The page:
"That's true," said the mayor. "Just as the feathers scatter in any and all directions, blown by the wind, so it is with the rumors you spread and the gossip you repeat! Once said, you have no control over the damage you have set loose."
As you likely know, people who gossip often sense that they are thereby raising their own self-image. Spreading rumors about others may actually cover up their own sense of inadequacy. So do you think you could be helpful to your brother by taking him aside and discussing why he needs to churn a rumor mill? Giving support and affection may be your best ally.
Odds & Ends for Aspiring Artists (and Environmentalists)
Many things around our homes look like junk at a first glance but could easily turn into fabulous art and hours of fun! With a little imagination, we can save lots of money on art supplies and turn would-be garbage into creative expressions. There are no limits or rules to art; everything counts. The following are a few ideas to get you started, but don't stop here. Anything can be a work of art waiting to happen.
Old clothing and fabric scraps hold many possibilities. (Make sure not to choose a shirt your sister still wears or Mom's sentimental old dress):
You don't need professional canvases, horsetail paintbrushes and a beret to make beautiful paintings. (Spills and splashes always happen, so wear old clothes and cover the floor with newspaper or a tarp.)
Make a book:
You don't have to work at Skipping Stones or any other publishing company to make your own book or magazine. The most basic format is to find some blank sheets of paper, fold them in half and staple them together. If you are more ambitious, you can punch holes in the pages and sew them together with twine, yarn, etc.
Finally, one of my favorites, found object sculptures. This concept was made popular during World War I by a zany Frenchman named Marcel Duchamp. The idea is that any object or group of objects can be art; it all depends on what the artist sees and how she or he puts it together. So sift through the recyclables (Stay away from tin cans; they tend to give nasty cuts to unsuspecting artists), scraps of wood, broken toys or that mysterious pile in your garage and start sculpting. The items can be attached by glue, staples, tape or nails. Anything goes!
The Paper Bag that Touched my Soul
Along life's journeys there are those relationships that not only enrich our souls but also teach us valuable lessons. Such was the case of my friendship with Thu Thuy Nguyen during my senior year in high school. She was Vietnamese, petite, painfully reserved and pure-hearted. I was able to win her confidence and convince her to open up to me. Her family had moved to the U.S. when she was eight years old. They had escaped the atrocities of war in her country after an arduous and frightening voyage.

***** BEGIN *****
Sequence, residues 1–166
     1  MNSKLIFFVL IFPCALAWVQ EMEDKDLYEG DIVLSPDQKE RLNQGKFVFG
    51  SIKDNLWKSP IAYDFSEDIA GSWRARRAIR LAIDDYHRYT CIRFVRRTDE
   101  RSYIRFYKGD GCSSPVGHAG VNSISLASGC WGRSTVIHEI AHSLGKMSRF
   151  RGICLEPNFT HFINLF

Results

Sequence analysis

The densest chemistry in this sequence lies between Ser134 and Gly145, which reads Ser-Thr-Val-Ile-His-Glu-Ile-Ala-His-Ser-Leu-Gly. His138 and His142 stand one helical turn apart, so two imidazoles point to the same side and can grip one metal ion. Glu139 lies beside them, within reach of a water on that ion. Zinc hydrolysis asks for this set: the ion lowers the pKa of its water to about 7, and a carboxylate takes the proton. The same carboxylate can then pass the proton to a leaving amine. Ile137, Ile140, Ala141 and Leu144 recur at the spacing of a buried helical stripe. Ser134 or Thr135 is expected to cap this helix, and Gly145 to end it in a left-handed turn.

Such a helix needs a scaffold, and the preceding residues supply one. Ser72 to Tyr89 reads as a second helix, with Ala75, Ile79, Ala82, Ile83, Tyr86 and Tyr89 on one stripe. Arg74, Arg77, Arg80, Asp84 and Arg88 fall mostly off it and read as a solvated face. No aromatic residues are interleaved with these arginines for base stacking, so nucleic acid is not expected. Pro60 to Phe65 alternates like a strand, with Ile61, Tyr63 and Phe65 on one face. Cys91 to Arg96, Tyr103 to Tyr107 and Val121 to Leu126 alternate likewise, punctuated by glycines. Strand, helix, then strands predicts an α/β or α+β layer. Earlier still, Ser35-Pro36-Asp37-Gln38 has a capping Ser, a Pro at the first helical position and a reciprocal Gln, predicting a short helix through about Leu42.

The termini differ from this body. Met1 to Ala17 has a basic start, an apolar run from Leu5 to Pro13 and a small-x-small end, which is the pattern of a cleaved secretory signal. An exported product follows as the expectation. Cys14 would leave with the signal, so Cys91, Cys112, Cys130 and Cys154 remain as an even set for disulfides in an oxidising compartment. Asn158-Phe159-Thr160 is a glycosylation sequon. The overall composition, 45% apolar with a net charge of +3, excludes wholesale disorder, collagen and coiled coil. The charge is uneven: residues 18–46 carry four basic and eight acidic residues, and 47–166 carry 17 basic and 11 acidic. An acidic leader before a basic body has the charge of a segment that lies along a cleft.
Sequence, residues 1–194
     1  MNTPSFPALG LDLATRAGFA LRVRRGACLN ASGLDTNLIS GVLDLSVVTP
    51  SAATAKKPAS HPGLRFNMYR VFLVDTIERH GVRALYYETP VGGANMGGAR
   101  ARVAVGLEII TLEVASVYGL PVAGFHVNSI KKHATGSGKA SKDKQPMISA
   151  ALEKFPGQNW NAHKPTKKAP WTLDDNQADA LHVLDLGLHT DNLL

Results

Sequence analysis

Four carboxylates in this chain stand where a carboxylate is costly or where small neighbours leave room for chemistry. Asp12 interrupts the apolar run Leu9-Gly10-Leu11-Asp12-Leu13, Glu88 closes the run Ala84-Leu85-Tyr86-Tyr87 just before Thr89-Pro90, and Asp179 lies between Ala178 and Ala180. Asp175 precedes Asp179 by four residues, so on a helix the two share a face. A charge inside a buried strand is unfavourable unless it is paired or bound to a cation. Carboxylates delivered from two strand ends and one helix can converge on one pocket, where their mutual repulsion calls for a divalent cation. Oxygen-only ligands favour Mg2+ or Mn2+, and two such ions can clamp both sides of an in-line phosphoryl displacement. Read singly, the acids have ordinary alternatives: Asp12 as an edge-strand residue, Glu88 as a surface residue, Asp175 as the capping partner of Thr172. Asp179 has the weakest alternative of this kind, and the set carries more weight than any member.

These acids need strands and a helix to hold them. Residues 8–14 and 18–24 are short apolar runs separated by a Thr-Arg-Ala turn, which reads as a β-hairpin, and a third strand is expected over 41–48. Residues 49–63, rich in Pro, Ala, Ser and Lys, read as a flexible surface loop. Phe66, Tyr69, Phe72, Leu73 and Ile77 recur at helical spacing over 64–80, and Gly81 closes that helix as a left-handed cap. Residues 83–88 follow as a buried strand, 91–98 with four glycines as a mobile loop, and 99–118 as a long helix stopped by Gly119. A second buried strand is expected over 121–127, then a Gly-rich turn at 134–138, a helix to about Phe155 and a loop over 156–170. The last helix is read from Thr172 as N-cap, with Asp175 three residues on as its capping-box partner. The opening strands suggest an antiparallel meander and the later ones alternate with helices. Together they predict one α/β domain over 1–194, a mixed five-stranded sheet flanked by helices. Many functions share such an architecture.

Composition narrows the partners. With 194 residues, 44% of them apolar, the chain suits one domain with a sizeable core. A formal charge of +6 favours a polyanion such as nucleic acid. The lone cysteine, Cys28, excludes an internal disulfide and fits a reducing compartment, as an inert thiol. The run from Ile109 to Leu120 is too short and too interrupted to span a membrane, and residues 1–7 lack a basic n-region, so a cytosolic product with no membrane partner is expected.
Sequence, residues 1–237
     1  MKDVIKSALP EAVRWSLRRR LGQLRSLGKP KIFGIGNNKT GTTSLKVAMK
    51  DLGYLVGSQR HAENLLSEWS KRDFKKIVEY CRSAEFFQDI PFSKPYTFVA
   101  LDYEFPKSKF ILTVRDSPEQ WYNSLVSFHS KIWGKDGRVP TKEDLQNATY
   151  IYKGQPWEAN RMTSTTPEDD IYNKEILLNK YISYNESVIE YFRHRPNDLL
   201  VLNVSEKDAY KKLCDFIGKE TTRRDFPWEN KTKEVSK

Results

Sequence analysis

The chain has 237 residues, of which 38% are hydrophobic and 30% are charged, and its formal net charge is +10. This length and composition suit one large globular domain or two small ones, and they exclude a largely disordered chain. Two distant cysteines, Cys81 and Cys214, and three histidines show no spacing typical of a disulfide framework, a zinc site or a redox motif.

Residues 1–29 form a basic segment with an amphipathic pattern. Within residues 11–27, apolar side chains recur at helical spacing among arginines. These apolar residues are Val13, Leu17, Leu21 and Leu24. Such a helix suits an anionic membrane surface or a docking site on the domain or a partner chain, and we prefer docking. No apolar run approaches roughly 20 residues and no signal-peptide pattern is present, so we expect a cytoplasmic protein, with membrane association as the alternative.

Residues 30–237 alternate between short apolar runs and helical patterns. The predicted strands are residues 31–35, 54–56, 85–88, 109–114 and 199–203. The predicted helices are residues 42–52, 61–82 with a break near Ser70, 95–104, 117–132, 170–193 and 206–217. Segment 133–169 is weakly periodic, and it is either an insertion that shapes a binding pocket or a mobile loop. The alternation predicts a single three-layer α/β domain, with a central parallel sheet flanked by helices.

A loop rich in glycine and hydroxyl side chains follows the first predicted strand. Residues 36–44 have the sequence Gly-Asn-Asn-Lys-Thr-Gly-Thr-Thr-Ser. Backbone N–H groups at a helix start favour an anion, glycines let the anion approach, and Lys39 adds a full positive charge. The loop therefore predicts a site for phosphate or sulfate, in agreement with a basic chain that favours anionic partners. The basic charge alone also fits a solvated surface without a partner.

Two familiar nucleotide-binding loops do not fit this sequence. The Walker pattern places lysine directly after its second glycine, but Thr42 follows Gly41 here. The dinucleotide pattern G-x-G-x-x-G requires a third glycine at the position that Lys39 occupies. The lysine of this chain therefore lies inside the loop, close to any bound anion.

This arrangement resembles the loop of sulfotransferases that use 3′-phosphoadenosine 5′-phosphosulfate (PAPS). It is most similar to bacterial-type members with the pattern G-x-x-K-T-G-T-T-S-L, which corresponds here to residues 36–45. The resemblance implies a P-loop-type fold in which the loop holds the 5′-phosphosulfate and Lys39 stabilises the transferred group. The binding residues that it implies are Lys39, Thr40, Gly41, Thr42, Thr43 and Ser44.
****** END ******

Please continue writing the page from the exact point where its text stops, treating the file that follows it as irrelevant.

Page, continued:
Despite all the turmoil in her life, she was able to begin school with students her age, even though she knew no English! How terrifying it must have been for her to be surrounded by people that she could not understand. I suppose it was a sink or swim experience that propelled her to learn the language so that she could keep up. She not only kept up, but by the time she was in high school, she was excelling.
Her intelligence was fascinating and personally challenging. We shared several classes, and as we discussed the course material we were able to engage on a refreshing intellectual level. Yet all the while her modesty was always prevalent.
In those moments when she felt comfortable enough with our friendship, she would share some of her family's customs and traditions. Her father owned a print shop where the whole family worked. Also, at an age when dating was so important, I was shocked to know that she was not able to date or even speak to guys without her father's approval. Despite the fact that she longed for more freedom, she conveyed a respect for her father and a real sense of unity with her family.
Another unusual practice was the fact that she was expected to cook for the family regularly. In an era when most families rarely cook to begin with, much less require the teenagers to do so, I was admirably amazed. One morning Thu arrived to my English class with a small paper bag.
"Here, I cooked this for you," she said quietly, placing the bag on my desk.
"You cooked this for me?" I felt the bag. It was still warm. "What is it?" I asked with anticipation as I peeked inside.
"It's kind of like a Vietnamese egg roll. I fried them this morning."
I not only couldn't wait to taste the treat, I was truly honored that she got up at 5 a.m. to cook for me. I thanked her and put the bag away until later.
When I told a friend about my unexpected blessing, I was given a rude awakening.
"You're gonna eat that?! How do you know it's not dog meat?"